There are various reasons people use heart-rate monitors. With the rising popularity of reliable, wearable monitors integrated into technology such as blood pressure monitors, across-the-chest devices, or newer wristbands, it’s easier than ever to keep tabs on your heart rate throughout the day.
Serious athletes have long used heart rate monitoring to achieve, monitor, and document heart rate based on various workout regimens. The idea is to calculate what’s called the “maximum heart rate” and attempt to work toward a certain percentage of that during prescribed periods of intense effort. It’s a way to ensure that your assumptions about how hard you are working during a given workout are actually correct.
For example, distance runners typically expect their heart rates to attain and remain steady at about 70% of maximum during longer, relatively “easy” training and conditioning runs. In contrast, while running in a race, the same runner would typically run at up to 97% of his maximum heart rate, at least for a relatively “short” 5K (about 3.1-mile) race. Such an intense pace can be difficult to sustain over longer distances, so accomplished athletes might expect to get their hearts working at about 95% of maximum, on average, for a 10K (about 6.2-mile) race.
What’s Your Max?
So how does one estimate one’s maximum heart rate? There are three methods. The first two involve simple calculations based on your age. The final, perhaps most accurate, method involves field testing using a wearable heart-rate monitor. To do this, you would run, cycle, or perform a given aerobic activity at maximum possible effort, for 2 to 3 minutes, after a brief warmup or practice run.
Push as hard as you can until you can sustain the effort no longer. Allow your wearable heart-rate monitor to track your heart beats per minute. Your maximum heart rate will be the greatest number of beats per minute your heart can achieve. Please note that beginners should not attempt such an intense effort without some prior conditioning, or at least under a doctor’s supervision.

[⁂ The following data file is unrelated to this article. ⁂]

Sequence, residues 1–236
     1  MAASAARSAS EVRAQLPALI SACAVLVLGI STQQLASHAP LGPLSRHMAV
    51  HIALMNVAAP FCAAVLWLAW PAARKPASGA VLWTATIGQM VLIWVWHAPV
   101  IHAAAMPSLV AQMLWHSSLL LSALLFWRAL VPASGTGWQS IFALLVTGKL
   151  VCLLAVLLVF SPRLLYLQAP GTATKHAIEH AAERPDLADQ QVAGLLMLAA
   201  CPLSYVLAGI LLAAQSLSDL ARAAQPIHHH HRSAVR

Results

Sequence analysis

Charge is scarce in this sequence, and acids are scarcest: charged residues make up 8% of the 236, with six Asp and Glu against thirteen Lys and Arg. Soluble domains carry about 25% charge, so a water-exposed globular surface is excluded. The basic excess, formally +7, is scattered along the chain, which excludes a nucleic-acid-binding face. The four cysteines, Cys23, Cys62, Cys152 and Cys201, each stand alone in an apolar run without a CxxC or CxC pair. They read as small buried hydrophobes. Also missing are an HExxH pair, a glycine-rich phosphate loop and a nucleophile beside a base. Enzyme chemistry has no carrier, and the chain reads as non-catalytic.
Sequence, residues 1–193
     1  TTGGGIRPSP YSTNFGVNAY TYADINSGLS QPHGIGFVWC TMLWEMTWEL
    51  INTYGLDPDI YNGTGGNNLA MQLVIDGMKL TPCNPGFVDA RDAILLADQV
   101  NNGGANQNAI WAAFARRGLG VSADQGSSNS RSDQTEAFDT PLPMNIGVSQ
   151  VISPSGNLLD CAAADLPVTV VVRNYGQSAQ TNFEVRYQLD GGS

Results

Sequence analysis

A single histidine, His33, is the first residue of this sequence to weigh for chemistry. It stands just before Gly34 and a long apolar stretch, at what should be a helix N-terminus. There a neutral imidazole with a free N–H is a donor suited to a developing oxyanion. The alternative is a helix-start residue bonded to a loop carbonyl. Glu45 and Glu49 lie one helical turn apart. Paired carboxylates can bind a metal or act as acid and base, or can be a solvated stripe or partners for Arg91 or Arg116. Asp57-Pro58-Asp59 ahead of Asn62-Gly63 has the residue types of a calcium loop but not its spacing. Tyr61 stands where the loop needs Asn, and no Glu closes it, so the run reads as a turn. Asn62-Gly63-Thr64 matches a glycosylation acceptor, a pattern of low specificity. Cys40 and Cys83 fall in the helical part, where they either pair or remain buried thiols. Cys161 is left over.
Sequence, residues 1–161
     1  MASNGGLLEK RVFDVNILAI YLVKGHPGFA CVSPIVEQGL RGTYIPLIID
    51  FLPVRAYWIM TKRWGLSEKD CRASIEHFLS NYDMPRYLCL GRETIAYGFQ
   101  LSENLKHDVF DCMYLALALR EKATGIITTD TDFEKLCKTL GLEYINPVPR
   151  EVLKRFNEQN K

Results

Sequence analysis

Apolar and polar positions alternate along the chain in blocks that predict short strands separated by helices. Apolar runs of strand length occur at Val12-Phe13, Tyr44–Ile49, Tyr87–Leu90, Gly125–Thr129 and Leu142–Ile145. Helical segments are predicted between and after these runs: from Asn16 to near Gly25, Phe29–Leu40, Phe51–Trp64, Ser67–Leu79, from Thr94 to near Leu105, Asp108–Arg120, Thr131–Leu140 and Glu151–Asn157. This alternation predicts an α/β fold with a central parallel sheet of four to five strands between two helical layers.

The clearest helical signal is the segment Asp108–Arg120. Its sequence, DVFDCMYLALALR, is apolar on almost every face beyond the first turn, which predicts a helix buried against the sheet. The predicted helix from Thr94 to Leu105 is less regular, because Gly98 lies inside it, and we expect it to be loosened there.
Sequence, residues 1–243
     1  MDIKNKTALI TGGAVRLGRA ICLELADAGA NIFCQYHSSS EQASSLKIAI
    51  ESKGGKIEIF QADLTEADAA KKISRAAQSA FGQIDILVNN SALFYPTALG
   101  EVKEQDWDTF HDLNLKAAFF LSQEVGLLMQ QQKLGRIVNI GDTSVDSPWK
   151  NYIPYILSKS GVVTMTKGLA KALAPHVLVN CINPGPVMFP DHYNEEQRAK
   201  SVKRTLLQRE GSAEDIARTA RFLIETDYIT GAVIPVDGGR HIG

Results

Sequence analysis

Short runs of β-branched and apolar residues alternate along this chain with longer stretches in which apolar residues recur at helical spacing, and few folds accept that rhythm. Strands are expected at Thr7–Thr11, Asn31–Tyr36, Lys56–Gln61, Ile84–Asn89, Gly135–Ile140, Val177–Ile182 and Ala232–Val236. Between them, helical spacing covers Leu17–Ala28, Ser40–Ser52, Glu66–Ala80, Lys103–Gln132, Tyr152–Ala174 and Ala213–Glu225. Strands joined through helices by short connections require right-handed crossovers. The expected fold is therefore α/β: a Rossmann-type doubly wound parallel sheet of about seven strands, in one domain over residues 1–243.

An easier method to arrive at your maximum heart rate (MHR) is to use one of the following equations:
- Maximum Heart Rate (for people under 40 years of age) = 208 – (.7 X your age)
- Maximum Heart Rate (for those over 40) = 205 – (.5 X your age)
Once you have established your MHR, you can use that number to calculate the relative intensity of your favorite exercise routines. For training, try to achieve and sustain a rate that falls within about 70% of your MHR. If you are an elite athlete training for a race, you may want to push harder, to about 90% of MHR.
What’s Your Base?
Monitoring the other end of your heart-rate range can also be of interest. The resting pulse, for instance, is a fundamental vital sign assessed by medical personnel as part of routine care and monitoring of health parameters. Athletes, who tend to have strong hearts and supple blood vessels, generally have relatively low and slow resting heart rates. Resting rate can also be influenced by factors such as emotional state. Anxiety, worry and anger are all emotional states that are likely to boost the resting rate.
Healthcare providers use established “reference ranges” to determine if your resting heart rate (pulse) is normal, but slower, rather than faster, is generally indicative of greater aerobic fitness. Go too low, though, and you could be experiencing another problem, namely a too-slow heart rate. The so-called normal range for most adults falls within 60-100 beats per minute (BPM). But elite athletes at rest might go as low as 40-45 BPM. If your resting heart rate tends to fall within the higher end of the scale, you may want to ask your doctor about your overall cardiovascular fitness.